16. 8.1 Graphs • Example 9 If S is also an equivalence relation on V defined by the partition. {{i, j, k, l}, {a, m},{f, b, c}, {d}, {g}, {h}} a b m f [a] [b] i j l k [i] g h d c [h] [g] [d] GS

17. 8.1 Graphs • The Quotient graph Ge If e is an edge between vertex v and w in a graph G={V,E, γ}, then we consider the equivalence relation whose partition consists of {v, w} and {vi}, for each vi v, vi w. (merging v and w and leaving others alone) a a b b m m f f [i] i j l l k k g g h h d d c c G Ge e={i, j}

18. 8.1 Graphs • Homework Ex. 6, Ex. 16, Ex. 20, Ex. 22, Ex. 23, Ex. 29

19. 8.2 Euler Paths and Circuits • Seven Bridges of Königsberg (from Wikipedia) Question: Is it possible to walk through the city that would cross each bridge once and only once? Vertex: Land Edge: Bridge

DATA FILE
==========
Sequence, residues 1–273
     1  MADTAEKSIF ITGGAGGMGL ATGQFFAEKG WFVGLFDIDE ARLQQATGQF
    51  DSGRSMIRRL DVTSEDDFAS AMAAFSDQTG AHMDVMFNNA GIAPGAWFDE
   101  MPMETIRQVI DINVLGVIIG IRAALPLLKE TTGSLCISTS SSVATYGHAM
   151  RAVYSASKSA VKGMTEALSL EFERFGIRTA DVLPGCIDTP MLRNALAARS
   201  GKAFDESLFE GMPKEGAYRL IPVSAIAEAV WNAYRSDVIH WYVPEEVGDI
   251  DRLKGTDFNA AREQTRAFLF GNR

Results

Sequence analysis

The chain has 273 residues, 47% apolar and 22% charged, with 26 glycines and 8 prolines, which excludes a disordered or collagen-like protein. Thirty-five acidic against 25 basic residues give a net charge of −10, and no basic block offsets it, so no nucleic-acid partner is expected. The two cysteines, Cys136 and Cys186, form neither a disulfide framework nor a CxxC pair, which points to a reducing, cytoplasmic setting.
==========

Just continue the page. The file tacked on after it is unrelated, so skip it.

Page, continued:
20. 8.2 Euler Paths and Circuits • Euler path A path in a graph G is called an Euler path if it includes every edge exactly once. • Euler circuit An Euler circuit is an Euler path that is a circuit. About Leonhard Euler: http://en.wikipedia.org/wiki/Leonhard_Euler

21. 8.2 Euler Paths and Circuits • Example 1

22. 8.2 Euler Paths and Circuits • Example 2 E D B C A 2 4 An Euler Path: E, D, B, A, C An Euler circuit: 5, 3, 2, 1, 3, 4, 5 3 1 5

23. 8.2 Euler Paths and Circuits • Example 2 E 2 5 3 4 D 1 6 B C A Q: An Euler Circuit? Q: An Euler Path? A: No A: No

24. 8.2 Euler Paths and Circuits • Example 3 Vertex: Room or Outside Edge: door Q: Is it possible to begin in a room or outside and take a walk that goes through each door exactly once?

25. 8.2 Euler Paths and Circuits • Two Questions • Is it possible to determine whether an Euler path or Euler circuit exists without actually finding it? Theorem 1 (Euler circuit) & Theorem 2 (Euler path) • If exists Euler circuit, how to find it effectively? Fleury’s algorithm